, pub-3787448768440954, DIRECT, f08c47fec0942fa0 [google-translator]

El Niño driving Zim children into gold panning to survive

According to the 2023 multi-dimensional poverty index, the average deprivation score among people living in multi-dimensional poverty in Zimbabwe was 42,6% of the total population.

AS the El Niño-induced drought’s grip on Zimbabwe tightens, many children in the countryside awash with gold deposits are increasingly being pushed to work as miners during school holidays.

In Makonde West and Hurungwe East of Mashonaland West province many of the children, desperate to help their parents to put food on the table and pay their schools fees, are finding their way to Sanyati and Chirariro rivers where they tunnel riverbeds for the yellow metal.

The children’s predicament highlights the devastating impact of the drought, which has led to widespread hunger and financial hardship, forcing families to prioritise basic survival over education. Many children have dropped out of school altogether, unable to afford food, clothing or school fees.

Anesi Makaya (88) is finding the situation hard to stomach.

“My heart aches when I see my children and grandchildren suffer without food, clothing or education during this time of hunger. This is not the life I envisioned for them,” he mumbled.

“We can spend three to four days without eating, especially when we do not get something from mining here. Sometimes we even sleep on vegetables. We do not have a safe water source, we have no borehole, we are drinking water from the river.

“The children we bring here can spend the whole day without eating, our fields are dry, the life that I am living is not well, as old as I am, I’m not supposed to be here gold panning, my whole body aches sometimes I even struggle to stand up, but I try by all means to be here and work for my children, Makaya added.

Witnessing their breadwinners toil daily along the rivers often forces many of the children to forego schooling just to help their parents and guardians. To them talk of child labour and the harsh and dangerous condition of the trade hardly dissuades them because food handouts to desperate villagers is hardly enough to go around.

One villager, who preferred to remain anonymous said: “Sometimes when maize arrives it is most likely to be given to 10 people or less, as they first give it to the elderly and the handicapped. We do not know how some of us who are not handicapped are going to survive.”

Artisanal gold miner Unna Chiduwa from Chirariro said: “There is hunger here, so we survive on gold. We appeal for help from the government to help us with food aid, we are surviving on 5 units of gold that we get here, if on that particular day there is nothing we sleep on empty stomachs.”

President Emmerson Mnangagwa declared the 2023/24 summer cropping a national disaster following the El Nino-induced drought.

USAid’s food security arm, FewsNet, said the 2024 poor harvest will severely impact on household food security.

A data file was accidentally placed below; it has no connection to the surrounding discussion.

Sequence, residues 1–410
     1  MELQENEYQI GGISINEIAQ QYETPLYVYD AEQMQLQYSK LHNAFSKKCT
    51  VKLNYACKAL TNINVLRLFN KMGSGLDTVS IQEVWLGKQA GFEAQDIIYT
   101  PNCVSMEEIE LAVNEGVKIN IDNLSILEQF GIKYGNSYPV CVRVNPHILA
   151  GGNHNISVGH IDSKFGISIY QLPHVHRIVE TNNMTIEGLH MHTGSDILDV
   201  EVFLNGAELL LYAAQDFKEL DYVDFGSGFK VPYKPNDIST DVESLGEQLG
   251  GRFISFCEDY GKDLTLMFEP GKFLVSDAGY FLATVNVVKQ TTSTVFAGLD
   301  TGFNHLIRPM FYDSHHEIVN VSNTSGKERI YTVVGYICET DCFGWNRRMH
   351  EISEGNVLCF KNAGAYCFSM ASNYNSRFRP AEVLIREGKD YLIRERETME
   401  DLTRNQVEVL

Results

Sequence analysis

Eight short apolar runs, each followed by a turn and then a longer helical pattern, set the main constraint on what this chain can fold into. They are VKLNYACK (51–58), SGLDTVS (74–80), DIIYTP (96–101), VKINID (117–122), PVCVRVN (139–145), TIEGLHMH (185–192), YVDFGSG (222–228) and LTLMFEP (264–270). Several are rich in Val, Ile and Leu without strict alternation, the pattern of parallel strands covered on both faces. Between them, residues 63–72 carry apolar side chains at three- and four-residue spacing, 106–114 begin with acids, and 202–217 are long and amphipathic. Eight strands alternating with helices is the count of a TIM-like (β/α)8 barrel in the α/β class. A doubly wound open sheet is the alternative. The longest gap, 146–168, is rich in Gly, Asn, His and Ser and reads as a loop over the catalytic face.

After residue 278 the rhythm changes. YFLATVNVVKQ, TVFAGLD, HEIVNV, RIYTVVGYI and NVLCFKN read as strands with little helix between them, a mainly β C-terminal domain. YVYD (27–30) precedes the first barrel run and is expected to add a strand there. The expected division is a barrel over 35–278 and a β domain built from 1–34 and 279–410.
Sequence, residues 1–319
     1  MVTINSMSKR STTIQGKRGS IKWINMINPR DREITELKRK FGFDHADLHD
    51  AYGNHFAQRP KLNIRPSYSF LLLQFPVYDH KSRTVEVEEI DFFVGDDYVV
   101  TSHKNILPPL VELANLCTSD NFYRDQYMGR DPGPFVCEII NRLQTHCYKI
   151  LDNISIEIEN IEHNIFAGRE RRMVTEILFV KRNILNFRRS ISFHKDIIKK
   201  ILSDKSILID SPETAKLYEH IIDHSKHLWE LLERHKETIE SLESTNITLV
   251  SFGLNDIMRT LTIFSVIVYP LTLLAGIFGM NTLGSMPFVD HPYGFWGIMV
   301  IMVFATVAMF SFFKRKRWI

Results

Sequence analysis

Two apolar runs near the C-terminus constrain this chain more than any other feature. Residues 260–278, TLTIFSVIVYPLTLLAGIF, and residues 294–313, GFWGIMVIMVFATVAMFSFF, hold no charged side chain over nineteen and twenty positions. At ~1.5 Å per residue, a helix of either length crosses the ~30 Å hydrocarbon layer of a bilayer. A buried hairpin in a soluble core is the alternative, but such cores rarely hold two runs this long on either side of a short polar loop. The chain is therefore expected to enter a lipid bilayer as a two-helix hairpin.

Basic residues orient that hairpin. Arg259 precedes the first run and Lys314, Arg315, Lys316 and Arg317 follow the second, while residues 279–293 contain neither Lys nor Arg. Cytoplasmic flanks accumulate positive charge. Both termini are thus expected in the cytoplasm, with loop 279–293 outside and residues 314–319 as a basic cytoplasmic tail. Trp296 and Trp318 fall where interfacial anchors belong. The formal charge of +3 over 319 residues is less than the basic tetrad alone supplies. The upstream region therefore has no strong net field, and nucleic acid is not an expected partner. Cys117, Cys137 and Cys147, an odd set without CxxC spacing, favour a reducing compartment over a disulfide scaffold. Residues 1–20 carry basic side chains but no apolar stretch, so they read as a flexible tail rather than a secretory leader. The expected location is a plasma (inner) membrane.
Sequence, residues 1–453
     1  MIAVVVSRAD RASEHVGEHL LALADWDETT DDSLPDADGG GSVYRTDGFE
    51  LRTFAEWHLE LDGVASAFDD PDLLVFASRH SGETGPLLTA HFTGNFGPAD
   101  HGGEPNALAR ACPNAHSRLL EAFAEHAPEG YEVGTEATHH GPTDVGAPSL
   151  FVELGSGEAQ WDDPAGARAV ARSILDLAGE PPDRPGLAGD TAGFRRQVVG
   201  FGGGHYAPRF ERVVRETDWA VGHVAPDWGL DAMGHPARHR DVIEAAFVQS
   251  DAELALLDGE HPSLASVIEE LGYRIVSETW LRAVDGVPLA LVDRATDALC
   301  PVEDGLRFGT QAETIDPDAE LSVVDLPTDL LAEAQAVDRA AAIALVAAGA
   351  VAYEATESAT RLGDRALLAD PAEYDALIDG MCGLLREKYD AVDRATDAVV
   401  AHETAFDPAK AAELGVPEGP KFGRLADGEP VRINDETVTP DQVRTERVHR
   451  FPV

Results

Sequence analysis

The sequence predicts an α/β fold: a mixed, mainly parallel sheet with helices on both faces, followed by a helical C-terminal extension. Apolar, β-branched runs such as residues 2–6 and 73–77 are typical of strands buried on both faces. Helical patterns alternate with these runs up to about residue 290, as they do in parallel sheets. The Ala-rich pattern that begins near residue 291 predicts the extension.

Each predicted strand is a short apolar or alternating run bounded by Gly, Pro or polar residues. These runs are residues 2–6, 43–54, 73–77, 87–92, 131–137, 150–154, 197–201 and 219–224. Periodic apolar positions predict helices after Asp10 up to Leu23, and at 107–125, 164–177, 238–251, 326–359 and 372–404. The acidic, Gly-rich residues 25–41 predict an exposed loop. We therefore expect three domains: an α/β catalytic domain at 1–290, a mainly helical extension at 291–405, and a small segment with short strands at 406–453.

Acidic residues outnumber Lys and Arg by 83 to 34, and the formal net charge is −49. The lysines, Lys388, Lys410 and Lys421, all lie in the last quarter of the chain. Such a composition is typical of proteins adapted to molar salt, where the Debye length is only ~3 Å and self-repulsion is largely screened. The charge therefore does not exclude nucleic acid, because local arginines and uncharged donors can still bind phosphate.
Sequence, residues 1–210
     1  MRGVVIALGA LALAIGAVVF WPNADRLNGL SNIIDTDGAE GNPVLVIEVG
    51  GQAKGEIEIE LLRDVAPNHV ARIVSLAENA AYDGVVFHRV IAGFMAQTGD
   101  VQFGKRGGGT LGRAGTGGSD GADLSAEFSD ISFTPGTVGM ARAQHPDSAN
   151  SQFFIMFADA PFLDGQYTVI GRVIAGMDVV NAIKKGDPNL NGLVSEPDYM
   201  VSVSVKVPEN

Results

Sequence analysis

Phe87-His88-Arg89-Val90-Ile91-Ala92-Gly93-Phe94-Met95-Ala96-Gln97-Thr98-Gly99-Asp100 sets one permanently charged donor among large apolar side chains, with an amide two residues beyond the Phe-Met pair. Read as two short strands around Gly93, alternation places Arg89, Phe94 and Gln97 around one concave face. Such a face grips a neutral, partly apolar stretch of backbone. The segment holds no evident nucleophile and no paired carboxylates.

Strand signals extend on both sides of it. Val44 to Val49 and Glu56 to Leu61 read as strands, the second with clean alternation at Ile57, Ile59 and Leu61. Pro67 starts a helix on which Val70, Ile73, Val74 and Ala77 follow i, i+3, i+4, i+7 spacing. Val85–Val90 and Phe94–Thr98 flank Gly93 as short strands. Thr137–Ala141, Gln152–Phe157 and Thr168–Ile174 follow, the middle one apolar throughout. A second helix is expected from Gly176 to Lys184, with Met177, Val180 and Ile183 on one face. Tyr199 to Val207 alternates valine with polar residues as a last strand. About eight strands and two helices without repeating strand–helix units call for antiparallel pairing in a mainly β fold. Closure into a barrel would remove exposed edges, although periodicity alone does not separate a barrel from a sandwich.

It said the situation would be worsened by high food prices and limited access to income-earning opportunities leading to crisis levels in the country’s deficit-producing areas.

Consumer prices rose by 49% in March 2024 month-on-month compared to 5,4% in February 2023.

According to the 2023 multi-dimensional poverty index, the average deprivation score among people living in multi-dimensional poverty in Zimbabwe was 42,6% of the total population.

Mashonaland West Provincial Affairs and Devolution minister Marian Chombo said it is government’s priority that those in need of food aid receive assistance.

“Recently the President, in his wisdom after the food situation assessment, declared a state of disaster and that means resources are being mobilised to ensure that all people get food assistance and the government through social welfare will ensure that no person will go hungry as enough resources for food aid are being mobilised and distribution of food aid has also commenced,” she said.

“The food distribution is monitored through district development co-ordinators to ensure that every person gets food assistance leaving no place or person behind.”

Member of Parliament for Hurungwe East Chenjerai Kangausaru added: “We have challenges that we have encountered at Priviri where we have young children who are panning for gold due to poverty. In Hurungwe East most gold panners are women.

“The reason for this is there is no water, climate change has affected thus we appeal to Zinwa to also release water so that the community is able to use it in their gardens and try to earn a living.”

At least 7,7 million people will require humanitarian assistance in Zimbabwe as a result of the effects of El Niño.

A United Nations report states that the World Food Programme and its partners will provide basic food assistance to meet urgent food and nutrition needs of households in both rural and urban areas.

In rural areas, food assistance will be provided through World Food Programme (WFP)’s Lean Season Assistance Programme implemented in collaboration with the Public Service, Labour and Social Welfare ministry co-ordinating with the Food Deficit Mitigation Programme.

In urban areas, WFP will implement cash-based transfers to support food insecure households. – (Newsday)

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